The almond has a unique mixture of polysaccharides (e.g. cellulose, hemicelluloses, etc.) sugars, and polyphenolics (e.g. flavonoids, anthocyanidins, lignans, and lignins), and other organics and minerals content. It differs from other harvested fruits by having undergone a significantly different biochemical anabolic and catabolic process while still on the tree. The inventor herein has learned that, after comminution of the dried fruit (the almond hull) to a fine or coarse powder, the dried fruit can be rehydrated with water, allowing separation of water soluble sugars, and other low molecular weight organics, from a remaining, predominantly higher molecular weight polysaccharide plus polyphenolic solids residue. Lower molecular weight sugars, and other organics (including flavonoids, terpenes, anthocyanidins, lignans), can also be separated from the fruit via, for example, supercritical carbon dioxide extraction, or via water plus organic solvent mixtures leaving a similar remaining higher molecular weight residue. Extraction techniques using only water is preferred for both food safety and process economics advantages.

BRIEF DESCRIPTION OF THE INVENTION

This invention begins with utilization of clean, dry almond hulls comminuted to a fine or coarse powder. This material is then rehydrated with water. This enables the separation of the water soluble sugars and lower weight organics from the remaining predominantly higher molecular weight polysaccharide plus phenolic solids residue. This provides a “water extract” of the solubles.

According to a first embodiment of this invention the water extract is treated with a yeast which functions to remove the sugars (which are an undesirable constituent of a fiber product), and to increase the inositol content by weight. The yeast solids are filtered out, and the effluent water solution remaining is concentrated and returned to the fiber, which is then dewatered and dried, and provided an augmented DF.

According to a second embodiment of the invention the said residue is dried and reduced to small particles, and a lignin-reducing enzyme is added to it while in an aqueous suspension. This results in a DF which is increased in lignans. It is dried to form augmented powder.

According to a third embodiment of the invention, the enzyme-treated suspension of the second embodiment may have added to it the yeast-treated solution from the first embodiment, thereby creating a third embodiment which enjoys the advantages of both of the first two embodiments.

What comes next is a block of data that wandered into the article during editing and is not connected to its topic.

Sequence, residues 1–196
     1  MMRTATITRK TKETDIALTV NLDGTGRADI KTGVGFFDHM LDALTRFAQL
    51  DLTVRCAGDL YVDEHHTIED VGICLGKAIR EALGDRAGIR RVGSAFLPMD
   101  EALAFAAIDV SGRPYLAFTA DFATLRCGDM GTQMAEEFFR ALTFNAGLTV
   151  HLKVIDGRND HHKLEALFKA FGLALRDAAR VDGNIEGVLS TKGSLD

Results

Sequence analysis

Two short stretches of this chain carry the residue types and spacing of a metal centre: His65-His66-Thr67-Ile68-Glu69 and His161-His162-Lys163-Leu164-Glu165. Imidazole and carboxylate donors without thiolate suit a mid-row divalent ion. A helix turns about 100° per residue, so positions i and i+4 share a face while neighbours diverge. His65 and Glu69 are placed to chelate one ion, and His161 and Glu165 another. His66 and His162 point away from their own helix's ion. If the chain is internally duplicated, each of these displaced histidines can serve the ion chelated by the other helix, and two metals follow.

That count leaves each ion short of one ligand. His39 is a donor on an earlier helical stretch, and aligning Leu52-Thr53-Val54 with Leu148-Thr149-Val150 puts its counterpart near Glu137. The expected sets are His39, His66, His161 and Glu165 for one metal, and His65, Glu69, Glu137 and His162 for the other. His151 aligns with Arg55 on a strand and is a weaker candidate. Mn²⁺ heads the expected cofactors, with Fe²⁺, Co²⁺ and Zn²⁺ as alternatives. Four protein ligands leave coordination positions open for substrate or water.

The above and other features of this invention will be fully understood from the following detailed description and the accompanying drawings, in which:

BRIEF DESCRIPTION OF THE DRAWINGS

FIG. 1 is an flow diagram for the first embodiment;

FIG. 2 is a flow diagram for the second embodiment; and

FIG. 3 is a flow diagram for the third embodiment.

DETAILED DESCRIPTION OF THE INVENTION

In all of the embodiments of this invention, one begins with clean almond hulls ground to a suitable size for water extraction of the solubles in them.

The dried hulls are rehydrated with water 11, allowing separation of water soluble sugars, and other low molecular weight organics, from a remaining, predominantly higher molecular. weight polysaccharide plus polyphenolic solids residue. Lower molecular weight sugars, and other organics (including flavonoids, terpenes, anthocyanidins, lignans) can later be separated from the fruit via, for example supercritical carbon dioxide extraction, or via water plus organic solvent mixtures leaving a similar remaining higher molecular weight residue. Extraction techniques using only water are preferred for both food safety and process economics, advantages.

If water extraction of lower molecular weight solubles is followed, using appropriate counter current techniques, the extraction of solubles may be aided, during the counter current step by addition of commercially available “juicing” enzymes such as pectinases, amylases, proteases. Also during the counter current step, more specific phosphatases, or viable yeasts possessing phosphatases activity may be added, thereby reducing total phytic acid content, and increasing inositol phosphates content. Suitable yeast could be selected from the several strains of wine or baking S. cerevisiae yeasts, or selected strains of S. pombe, or strains of Schwannionyces Castelli, or S. Boulardii. Fungi of Aspergillus genus are likewise suitable, as well as selected bacterial strains from among subtilis, pseudomonas, and klebsiella. Suitable bacterial and fungal strains thus grown on the almond fruit extract, may be harvested for probiotic uses in both animal feed, and human supplement, usages in disease treatment, as for example, for the uses of S. boulardii.

After separation of low molecular weight solubles from the residue material, the residue (separated fiber) may be de watered from its approximately 20% solids content, to approximately 35% solids content, and then dried to a final approximately 89%–95% solids content. The dewatering and drying steps are achieved via well known processes employed in the sugar, juice and starch processing industries.